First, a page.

April 15, 2007

UNCLE NAPOLEONISM:

In Iran, Feeling the Heat (Jim Hoagland, April 15, 2007, Washington Post)

Dying from cancer a quarter-century ago, the deposed shah of Iran pressed on me a fundamental point about his nation that has become even more vivid over the past two weeks. What the shah said, and almost said, then sheds light on the current confrontation between Iran and the world's great powers.

Mohammad Reza Pahlavi died weeks after our 1980 conversation in Cairo. It has taken the ayatollahs and other Islamic radicals who followed him to reveal how far backward, and forward, stretched the deeper meanings of the words he spoke, which had to be condensed into a conventional news story on that May day.

Iran is after all a place where reality usually comes not in words but in meaningful details that underlie -- and often belie -- the words. Fooling foreigners and adversaries is an ancient Persian art form. Saying exactly what you mean is a crude and dangerous way to talk, or to negotiate.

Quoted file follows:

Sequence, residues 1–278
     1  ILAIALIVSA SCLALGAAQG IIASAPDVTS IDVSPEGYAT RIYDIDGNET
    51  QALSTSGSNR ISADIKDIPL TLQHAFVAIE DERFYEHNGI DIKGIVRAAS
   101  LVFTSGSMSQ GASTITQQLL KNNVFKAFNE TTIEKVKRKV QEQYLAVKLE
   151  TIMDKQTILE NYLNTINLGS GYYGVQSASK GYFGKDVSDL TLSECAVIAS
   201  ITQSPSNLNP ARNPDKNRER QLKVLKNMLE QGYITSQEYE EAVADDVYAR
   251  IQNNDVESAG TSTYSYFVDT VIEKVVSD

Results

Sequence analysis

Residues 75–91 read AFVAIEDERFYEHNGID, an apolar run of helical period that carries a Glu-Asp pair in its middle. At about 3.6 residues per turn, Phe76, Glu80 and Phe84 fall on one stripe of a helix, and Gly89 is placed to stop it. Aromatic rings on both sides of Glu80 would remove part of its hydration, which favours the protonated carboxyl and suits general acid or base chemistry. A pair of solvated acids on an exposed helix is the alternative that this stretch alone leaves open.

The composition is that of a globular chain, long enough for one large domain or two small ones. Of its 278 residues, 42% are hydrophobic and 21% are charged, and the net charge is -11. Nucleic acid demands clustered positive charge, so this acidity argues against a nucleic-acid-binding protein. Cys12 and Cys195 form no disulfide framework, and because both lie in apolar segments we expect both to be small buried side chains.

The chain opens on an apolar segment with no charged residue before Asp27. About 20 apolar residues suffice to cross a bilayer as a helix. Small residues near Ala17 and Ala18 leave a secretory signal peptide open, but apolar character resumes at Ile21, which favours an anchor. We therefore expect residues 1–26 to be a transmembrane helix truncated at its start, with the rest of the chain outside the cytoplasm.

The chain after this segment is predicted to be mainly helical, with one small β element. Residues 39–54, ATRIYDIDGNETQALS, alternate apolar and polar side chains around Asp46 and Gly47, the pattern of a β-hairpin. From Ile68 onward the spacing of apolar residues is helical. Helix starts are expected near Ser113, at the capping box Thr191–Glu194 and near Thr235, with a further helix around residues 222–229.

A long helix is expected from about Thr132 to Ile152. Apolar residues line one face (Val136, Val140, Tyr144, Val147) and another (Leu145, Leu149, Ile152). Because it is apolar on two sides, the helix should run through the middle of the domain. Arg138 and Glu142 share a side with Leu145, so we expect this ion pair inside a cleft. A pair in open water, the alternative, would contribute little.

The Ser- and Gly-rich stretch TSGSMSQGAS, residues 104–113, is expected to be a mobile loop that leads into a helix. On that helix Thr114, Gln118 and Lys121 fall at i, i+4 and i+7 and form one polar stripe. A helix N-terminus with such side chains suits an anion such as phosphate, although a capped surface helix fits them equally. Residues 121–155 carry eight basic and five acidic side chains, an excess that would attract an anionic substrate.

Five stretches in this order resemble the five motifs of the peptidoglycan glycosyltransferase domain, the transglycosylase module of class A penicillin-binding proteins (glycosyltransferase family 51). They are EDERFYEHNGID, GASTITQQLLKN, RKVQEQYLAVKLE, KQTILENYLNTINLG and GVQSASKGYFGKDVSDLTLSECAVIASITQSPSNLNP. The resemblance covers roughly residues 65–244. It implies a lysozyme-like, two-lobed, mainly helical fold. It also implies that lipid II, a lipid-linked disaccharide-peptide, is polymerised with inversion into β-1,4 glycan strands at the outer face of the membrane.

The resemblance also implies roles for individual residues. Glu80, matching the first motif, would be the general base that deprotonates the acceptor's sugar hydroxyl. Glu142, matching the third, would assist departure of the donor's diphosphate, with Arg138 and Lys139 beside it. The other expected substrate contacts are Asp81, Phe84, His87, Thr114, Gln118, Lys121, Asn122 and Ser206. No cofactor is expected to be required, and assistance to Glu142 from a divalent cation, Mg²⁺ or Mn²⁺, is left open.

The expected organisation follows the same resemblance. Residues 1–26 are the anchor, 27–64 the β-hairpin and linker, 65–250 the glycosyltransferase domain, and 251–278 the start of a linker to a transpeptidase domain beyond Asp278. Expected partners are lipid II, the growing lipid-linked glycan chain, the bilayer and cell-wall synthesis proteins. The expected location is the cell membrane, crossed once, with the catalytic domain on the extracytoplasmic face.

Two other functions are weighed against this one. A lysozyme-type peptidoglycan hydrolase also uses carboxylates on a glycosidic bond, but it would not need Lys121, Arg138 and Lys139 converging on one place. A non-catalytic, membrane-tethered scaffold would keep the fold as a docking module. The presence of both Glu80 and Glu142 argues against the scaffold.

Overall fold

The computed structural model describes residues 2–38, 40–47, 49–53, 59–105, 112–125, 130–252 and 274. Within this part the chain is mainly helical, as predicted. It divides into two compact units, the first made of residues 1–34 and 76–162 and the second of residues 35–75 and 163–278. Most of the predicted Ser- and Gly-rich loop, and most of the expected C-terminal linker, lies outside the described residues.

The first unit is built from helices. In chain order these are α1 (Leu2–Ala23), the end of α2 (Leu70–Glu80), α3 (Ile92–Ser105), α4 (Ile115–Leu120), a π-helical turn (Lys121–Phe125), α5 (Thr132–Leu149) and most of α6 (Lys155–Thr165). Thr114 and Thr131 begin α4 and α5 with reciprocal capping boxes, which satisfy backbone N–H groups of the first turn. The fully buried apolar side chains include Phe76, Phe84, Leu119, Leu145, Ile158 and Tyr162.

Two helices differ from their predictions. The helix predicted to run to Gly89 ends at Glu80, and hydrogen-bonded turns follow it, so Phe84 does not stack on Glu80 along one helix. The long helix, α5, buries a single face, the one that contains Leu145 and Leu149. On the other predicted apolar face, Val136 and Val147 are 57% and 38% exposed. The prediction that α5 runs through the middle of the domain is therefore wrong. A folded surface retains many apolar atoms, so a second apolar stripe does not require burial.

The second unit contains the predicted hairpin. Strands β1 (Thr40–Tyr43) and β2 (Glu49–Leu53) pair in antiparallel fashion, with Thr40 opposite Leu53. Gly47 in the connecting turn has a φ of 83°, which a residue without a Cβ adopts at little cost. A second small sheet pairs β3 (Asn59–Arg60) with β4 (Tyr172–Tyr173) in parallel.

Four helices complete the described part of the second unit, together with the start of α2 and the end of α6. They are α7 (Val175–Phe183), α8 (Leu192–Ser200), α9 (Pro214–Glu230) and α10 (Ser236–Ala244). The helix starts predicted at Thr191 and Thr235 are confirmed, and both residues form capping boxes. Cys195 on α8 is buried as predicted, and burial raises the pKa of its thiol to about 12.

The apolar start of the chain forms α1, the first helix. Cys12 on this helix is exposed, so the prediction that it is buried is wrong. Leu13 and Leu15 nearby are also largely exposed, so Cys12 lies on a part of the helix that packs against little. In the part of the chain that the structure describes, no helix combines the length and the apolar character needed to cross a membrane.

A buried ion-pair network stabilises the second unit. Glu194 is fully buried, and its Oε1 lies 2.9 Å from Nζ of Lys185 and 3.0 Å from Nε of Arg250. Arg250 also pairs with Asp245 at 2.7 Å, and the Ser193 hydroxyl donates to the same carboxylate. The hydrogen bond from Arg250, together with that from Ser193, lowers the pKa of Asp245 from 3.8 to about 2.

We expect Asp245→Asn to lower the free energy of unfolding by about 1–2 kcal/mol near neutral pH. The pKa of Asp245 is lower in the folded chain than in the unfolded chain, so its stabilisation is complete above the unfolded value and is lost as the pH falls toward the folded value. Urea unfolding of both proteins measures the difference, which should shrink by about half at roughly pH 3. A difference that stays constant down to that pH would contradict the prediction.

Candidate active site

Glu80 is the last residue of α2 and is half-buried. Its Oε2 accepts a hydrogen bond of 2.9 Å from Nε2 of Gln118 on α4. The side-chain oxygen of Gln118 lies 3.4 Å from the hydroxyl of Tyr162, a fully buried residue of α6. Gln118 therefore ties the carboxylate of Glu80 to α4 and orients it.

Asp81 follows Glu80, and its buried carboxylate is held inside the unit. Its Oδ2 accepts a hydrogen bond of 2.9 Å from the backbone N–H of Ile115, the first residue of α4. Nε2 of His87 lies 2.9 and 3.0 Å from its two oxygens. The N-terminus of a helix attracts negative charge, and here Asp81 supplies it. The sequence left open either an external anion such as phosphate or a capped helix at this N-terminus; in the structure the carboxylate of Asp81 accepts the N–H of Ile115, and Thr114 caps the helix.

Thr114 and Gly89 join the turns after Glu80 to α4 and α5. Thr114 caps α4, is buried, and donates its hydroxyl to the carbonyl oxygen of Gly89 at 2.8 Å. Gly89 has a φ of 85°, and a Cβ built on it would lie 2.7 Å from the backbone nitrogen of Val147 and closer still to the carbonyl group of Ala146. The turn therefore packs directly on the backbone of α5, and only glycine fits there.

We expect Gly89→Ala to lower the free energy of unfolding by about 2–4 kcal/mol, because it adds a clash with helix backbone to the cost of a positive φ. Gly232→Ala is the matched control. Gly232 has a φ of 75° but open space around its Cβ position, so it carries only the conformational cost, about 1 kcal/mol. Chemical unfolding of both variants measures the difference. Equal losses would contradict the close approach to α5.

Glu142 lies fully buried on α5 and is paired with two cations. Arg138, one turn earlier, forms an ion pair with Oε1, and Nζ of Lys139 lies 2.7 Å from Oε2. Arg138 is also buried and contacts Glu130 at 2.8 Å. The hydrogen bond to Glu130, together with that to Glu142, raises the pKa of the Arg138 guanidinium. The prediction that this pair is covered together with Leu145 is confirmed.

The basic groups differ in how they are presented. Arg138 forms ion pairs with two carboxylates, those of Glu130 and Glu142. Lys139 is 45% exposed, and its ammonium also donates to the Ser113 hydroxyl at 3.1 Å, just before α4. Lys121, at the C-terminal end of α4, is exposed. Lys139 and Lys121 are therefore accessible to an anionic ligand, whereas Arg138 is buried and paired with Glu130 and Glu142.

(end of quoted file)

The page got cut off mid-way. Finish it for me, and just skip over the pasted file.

Such a telling detail lay beneath the shah's descriptions to me of how, in his opinion, the British and American governments deliberately helped Ayatollah Ruhollah Khomeini bring down his regime in 1979. His bitter Anglophobia came to mind again the other day as I watched film of President Mahmoud Ahmadinejad blustering his way through the histrionic release of 15 British military captives and then, in the days that followed, defying the world anew over Iran's nuclear ambitions.

The detail was that the shah blamed London much more than he blamed Washington for his fate. The Americans had been children playing at complicated games of power and espionage, while imperial Britain purposely mounted the plot to win favor with the ayatollahs.


Unlike Western anti-Semitism, Iranian Anglophobia is at least based on actual meddling by powerful external forces.


Posted by Orrin Judd at April 15, 2007 12:00 AM
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